Saturday, January 15, 2011

Do You Self-Serve?

Flickr photo by landofnodstudios
A very interesting opinion piece on discusses what I've been thinking about for a while now.

Years ago I noticed the self-serve checkouts at the grocery store. I've never used them. First, I don't really want to and the more people who go through the line themselves, the less people that the store will hire to do that work. And in the end, they will eliminate jobs. We have enough problems with so many jobs being outsourced.

In the past six months or so, I noticed that CVS added the self-serve machines. I don't use them there either. If anything, I've noticed lines are often longer now. Or maybe just the irony of the situation makes it feel like they are longer. There are less people working and usually one of the people who is supposed to be ringing up customers is at the self-serve machine helping people put their items through. Because the machine isn't working. So we all wait.

Just a few weeks ago, I noticed that the library now has a self-serve area for picking up items being held and for checking them out. I wonder if any people have lost their job at the library, because the machine can do the work? How many?

What do you think about the increasing numbers of self-serve places? Do use them? Do you think it causes people to lose their jobs?

Maybe it's just the old way giving in to the new and is the only way for a society to move forward. The article makes the case and acknowledges the downside too.
"From an economist’s point of view, the new machines represent an economic boon. They are the classic substitution of capital for labor. Productivity — how many people it takes to generate a certain amount of wealth — is a key measure of an economy’s success; with the new machines, for instance, CVS can now run the same store with fewer employees. That creates greater wealth which, in general, should be a good thing."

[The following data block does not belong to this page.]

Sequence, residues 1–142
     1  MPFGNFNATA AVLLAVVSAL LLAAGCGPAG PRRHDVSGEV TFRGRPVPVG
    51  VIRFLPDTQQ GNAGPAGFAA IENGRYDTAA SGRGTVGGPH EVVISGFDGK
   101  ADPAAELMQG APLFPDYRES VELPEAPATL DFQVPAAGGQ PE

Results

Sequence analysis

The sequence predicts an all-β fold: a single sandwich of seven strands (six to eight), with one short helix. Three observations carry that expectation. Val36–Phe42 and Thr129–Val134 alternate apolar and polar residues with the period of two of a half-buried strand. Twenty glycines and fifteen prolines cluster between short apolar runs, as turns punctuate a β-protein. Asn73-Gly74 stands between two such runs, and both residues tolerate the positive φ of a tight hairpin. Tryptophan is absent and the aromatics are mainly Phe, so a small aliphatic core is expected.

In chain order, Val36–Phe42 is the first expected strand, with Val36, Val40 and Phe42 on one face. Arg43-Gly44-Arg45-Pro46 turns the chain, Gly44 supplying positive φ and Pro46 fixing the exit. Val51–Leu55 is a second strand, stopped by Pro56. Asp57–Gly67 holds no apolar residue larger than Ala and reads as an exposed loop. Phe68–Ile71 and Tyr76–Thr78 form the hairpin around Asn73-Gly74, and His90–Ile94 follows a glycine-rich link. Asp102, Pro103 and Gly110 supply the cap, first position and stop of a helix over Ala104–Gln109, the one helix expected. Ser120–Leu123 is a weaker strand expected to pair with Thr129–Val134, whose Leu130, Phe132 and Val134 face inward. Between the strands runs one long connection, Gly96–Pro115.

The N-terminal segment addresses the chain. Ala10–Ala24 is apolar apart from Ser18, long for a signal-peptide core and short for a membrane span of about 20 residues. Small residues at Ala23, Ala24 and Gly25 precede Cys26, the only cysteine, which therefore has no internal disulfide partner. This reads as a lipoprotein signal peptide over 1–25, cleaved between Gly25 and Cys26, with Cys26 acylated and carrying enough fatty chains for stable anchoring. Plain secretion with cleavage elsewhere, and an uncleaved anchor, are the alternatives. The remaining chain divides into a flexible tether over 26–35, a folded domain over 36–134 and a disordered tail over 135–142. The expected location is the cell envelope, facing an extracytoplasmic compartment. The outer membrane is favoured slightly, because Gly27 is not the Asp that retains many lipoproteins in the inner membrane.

"It is a problem that has bedeviled us since the dawn of the industrial age. Just as sewing machines once replaced seamstresses, so too today’s check-in machines replace hotel receptionists."

I guess there are no easy answers to these questions. There never were. Nobody ever said that life was fair.

*Updated 1/20/2011* On a related note, below is a quote (with emphasis added) from an article that I just read today on the Harvard Business Review website.
"Job growth has slowed significantly in the financial- and business-services sectors due to technology-driven service industrialization (automation, outsourcing, off-shoring, process re-engineering, and self-service."

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Nance said...

Besides the objections you mentioned, I resent the fact that I will do this job for free! Why should I act as cashier and bagger and still pay full price for the items I bought? If the self-serve offered me, say, a 5% rebate on my purchases, then maybe I'd work in their store AND shop there, too. Most places offer their labor an employee discount. Isn't that basically what we're talking about here? Think about it.